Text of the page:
In some embodiments, two freewheels are also arranged in the region of the bearing 13 (illustrated purely schematically), and the function of the freewheels consists in permitting a rotational movement of the rotating body 10 only in one direction, namely in the direction that is the only desired direction with respect to the respective end position E or E′. These freewheels, which are not explicitly illustrated here, act hand-in-hand with the lock 20, with the result that, when the respective lock 20 is applied, in the end position E, for example, switching only takes place into that freewheel which, owing to the corresponding rotation, permits a translational movement along the axis 14 of the winding body 8 in the direction of the lower end position, i.e. the closed end position E′. In the end position E′ shown in accordance with FIG. 3, in turn exclusively the rotational movement in the opposite direction and therefore a translational movement upwards in the direction of the end position E is permitted. The freewheel is a ball bearing, which permits only one direction of rotation and blocks the opposite direction of rotation.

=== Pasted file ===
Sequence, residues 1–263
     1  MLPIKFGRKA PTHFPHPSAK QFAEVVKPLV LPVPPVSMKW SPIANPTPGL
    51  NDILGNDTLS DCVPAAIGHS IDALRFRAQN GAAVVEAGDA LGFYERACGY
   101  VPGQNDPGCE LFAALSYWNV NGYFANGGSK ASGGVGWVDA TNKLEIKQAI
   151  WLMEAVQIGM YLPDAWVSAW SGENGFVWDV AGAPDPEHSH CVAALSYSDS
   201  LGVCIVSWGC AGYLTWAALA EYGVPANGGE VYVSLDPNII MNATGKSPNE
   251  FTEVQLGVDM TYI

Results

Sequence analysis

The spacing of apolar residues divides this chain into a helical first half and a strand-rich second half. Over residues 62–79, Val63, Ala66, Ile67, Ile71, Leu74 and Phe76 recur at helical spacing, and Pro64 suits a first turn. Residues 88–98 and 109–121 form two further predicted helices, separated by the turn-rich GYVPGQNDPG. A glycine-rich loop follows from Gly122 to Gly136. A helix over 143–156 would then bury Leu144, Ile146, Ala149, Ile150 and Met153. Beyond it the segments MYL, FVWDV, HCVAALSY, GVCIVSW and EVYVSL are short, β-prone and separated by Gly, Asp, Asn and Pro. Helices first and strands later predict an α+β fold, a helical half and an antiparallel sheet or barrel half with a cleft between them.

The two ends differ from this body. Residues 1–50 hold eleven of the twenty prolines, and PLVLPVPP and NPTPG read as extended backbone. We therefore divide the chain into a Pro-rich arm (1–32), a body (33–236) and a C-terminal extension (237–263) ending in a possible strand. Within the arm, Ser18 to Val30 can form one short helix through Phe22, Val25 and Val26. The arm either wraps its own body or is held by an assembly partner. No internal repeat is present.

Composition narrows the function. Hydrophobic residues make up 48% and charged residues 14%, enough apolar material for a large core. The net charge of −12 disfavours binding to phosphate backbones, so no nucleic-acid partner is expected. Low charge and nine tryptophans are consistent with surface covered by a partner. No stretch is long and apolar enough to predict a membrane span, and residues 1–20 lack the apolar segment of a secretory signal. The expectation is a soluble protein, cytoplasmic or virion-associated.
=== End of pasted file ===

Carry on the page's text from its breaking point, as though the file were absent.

Proceeding from the effect of the actuator 15 in the form of the rotating body 10 and of the cable drive for the translational movement of the winding body 8, which effect is described with respect to FIGS. 2, 3 and 4, it is now furthermore intended to deal also with the effect of the pulse mass element 3. In the case of the closing operation, which is illustrated in FIG. 4 by the end position E′, the result is, as already mentioned, a bouncing operation, wherein a contact force FK acts on the winding body 8 or the push rod 9. Upon continuation of the rotational movement, i.e. upon further actuation of the actuator, the pulse mass element 3 is deflected. The energy introduced into the system here is by means of the pulse mass element 3, which is transmitted thereto by means of a spring element 5, configured here in the form of a helical spring 7. For the purpose of better coupling of the pulse mass element 3, a stopping element 26 is provided on the push rod 9 or on the winding body 8, against which stopping element the helical spring, which acts with pressure, bears. In this case, the stopping element 26 is fixedly connected to the push rod 9 and, upon application of the force FK, transmits the resulting pulse via the helical spring 7 to the pulse mass element 3. The pulse mass element 3 is in turn connected here to the rotating body 10. In this configuration, the pulse mass element 3 bears against the side 11 of the rotating body 10; said pulse mass element is connected to said rotating body so that, upon a rotational movement R, said movement is performed by the pulse mass element 3. The pulse mass element 3 is therefore coupled in rotatory fashion to the rotating body 10. However, in the direction of the axis 14, that is to say in the direction of the translational movement of the winding body or of the push rod, there is a limited movement possibility between the pulse mass element 3 and the rotating body 10.